Only someone receiving dividends from the pork industry would post such an irresponsible article with such certainty. An educated individual would inform themselves on the huge costs associated with raising pigs for food- ethically and environmentally. Aside from the fact that almost all other science condemns pork as one of the worst things you can put in the human body. Good grief, what a blatant paid advertisement this is.
It just amazes me time and time again how its is possible that there are still people left in Europe and Asia. Still alive and well after thousands of years of pork consumption. Preserved meats are around since ancient times and even the early settlers into the Americas came on a strictly pork based diet. Without pork there wouldn’t be a USA. Try this one: https://en.wikipedia.org/wiki/Curing_(food_preservation)
The article concerns the safety of cured meat — not whether or not we should be eating meat. Vegetarians do live short lives. Jesus ate meat, cooked fish and offered it to his disciples after he was resurrected. Half of Jesus’ disciples were fishermen, and he never told them to get another profession — other than ‘come and follow me and I will make you fishers of men.’
Vegetarians live longer than omnivores; that’s pretty well documented; not sure if your Google has stopped working.. Why has Jesus been dragged into the conversation about bacon?
That herbivores live longer than omnivores — even if true — is irrelevant. Humans aren’t designed to be exclusively herbivorous; we exhibit physiological characteristics and dentition consistent with omnivores, not herbivores.
Fact: Human beings need protein and fat in order to survive, and our bodies are particularly well adapted to process animal proteins and fats. It’s an accident of evolution. We can get along quite nicely without carbohydrate, thank you very much. The Inuit eat caribou almost exclusively, a red meat which is 75% saturated fat. They have some of the best blood chemistry on the planet. If the Ancel Keys-inspired junk science were remotely true, the Inuit would be dropping dead at 23, instead of living as long as the northern Mediterraneans.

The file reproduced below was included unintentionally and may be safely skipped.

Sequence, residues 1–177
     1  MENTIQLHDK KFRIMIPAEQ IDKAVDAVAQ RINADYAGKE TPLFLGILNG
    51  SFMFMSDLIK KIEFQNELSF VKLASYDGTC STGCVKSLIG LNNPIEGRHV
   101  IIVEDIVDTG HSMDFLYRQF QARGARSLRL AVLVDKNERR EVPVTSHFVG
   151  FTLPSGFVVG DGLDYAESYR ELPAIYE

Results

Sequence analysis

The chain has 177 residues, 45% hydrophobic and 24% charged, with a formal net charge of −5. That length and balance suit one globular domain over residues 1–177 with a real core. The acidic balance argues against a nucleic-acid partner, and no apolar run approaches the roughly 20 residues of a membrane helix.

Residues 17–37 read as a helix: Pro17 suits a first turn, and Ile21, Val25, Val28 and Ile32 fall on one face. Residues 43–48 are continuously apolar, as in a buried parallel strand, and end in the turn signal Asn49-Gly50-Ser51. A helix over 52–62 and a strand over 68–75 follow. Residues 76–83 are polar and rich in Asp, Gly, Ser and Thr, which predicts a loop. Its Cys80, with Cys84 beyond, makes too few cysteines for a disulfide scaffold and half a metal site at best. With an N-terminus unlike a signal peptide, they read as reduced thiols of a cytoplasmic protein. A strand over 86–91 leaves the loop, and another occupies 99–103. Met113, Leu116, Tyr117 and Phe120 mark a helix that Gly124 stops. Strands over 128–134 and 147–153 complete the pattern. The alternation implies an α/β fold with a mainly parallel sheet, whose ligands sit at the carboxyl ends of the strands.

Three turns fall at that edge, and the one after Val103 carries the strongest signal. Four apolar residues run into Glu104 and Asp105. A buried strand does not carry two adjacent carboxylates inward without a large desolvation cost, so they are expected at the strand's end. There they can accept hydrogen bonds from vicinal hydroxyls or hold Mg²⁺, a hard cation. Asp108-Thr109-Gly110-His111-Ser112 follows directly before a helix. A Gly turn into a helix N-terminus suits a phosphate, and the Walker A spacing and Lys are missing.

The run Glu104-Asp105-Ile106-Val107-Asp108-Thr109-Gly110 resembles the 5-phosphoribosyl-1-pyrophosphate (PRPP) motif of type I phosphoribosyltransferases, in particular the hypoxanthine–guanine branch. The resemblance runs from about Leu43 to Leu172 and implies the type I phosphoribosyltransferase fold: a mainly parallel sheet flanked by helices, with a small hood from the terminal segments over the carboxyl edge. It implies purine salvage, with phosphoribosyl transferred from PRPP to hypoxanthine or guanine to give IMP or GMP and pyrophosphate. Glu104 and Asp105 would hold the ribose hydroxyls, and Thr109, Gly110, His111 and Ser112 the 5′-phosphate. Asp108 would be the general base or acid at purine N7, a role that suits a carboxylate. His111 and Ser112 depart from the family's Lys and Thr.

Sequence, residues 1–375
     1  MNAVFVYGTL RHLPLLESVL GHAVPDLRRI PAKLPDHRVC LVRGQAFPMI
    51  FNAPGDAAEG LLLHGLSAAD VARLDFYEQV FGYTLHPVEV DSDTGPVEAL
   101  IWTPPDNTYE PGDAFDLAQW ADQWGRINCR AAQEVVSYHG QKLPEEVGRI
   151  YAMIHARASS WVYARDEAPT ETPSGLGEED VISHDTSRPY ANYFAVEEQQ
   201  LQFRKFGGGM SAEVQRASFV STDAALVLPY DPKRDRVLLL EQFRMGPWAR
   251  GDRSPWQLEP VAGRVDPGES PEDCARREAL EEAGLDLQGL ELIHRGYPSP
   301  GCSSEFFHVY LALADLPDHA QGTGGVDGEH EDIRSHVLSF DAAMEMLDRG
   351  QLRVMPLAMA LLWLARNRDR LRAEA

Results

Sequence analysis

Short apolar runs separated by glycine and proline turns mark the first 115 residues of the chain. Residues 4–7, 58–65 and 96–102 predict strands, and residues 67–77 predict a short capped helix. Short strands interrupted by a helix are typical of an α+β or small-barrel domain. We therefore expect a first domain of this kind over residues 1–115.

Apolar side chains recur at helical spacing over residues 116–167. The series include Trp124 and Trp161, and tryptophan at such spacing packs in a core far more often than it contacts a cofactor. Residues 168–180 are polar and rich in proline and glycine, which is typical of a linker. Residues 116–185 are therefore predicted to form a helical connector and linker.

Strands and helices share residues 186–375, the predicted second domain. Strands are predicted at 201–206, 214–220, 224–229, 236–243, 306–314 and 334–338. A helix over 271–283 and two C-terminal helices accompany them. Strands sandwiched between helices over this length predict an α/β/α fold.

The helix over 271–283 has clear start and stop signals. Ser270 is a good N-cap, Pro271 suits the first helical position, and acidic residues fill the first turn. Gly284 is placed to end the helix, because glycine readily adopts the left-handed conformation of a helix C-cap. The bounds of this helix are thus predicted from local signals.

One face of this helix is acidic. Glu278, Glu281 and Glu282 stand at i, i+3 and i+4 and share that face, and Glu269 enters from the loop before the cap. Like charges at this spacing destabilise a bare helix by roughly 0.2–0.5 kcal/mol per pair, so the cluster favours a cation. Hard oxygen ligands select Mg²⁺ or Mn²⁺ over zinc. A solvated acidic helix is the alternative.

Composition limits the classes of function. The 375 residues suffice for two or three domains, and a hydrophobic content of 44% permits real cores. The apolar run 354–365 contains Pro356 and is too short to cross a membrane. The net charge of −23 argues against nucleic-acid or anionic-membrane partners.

Fact: Herbivores must seek protein sources that are, relative to the human digestive system, inferior to animal proteins. Contrary to the wishful thinking, soy- and legume-based proteins do not provide the dietary punch of animal proteins. Sorry if that doesn’t dovetail with your utopian dreams.
Fact: It is the consumption of animal proteins and fats which led to the convolutions of the human brain that are the hallmark of our intelligence.
Fact: humans have the amount of tooth enamel consistent with what nature endows omnivores and carnivores. Were humans intended to consume an exclusively (or even primarily) vegetable-based diet, we’d have much more enamel on our teeth — because herbivores need thicker enamel to protect against the abrasive effects of the cellulose fibers in plants. Herbivores have many more times as much enamel on their teeth than carnivores or herbivores.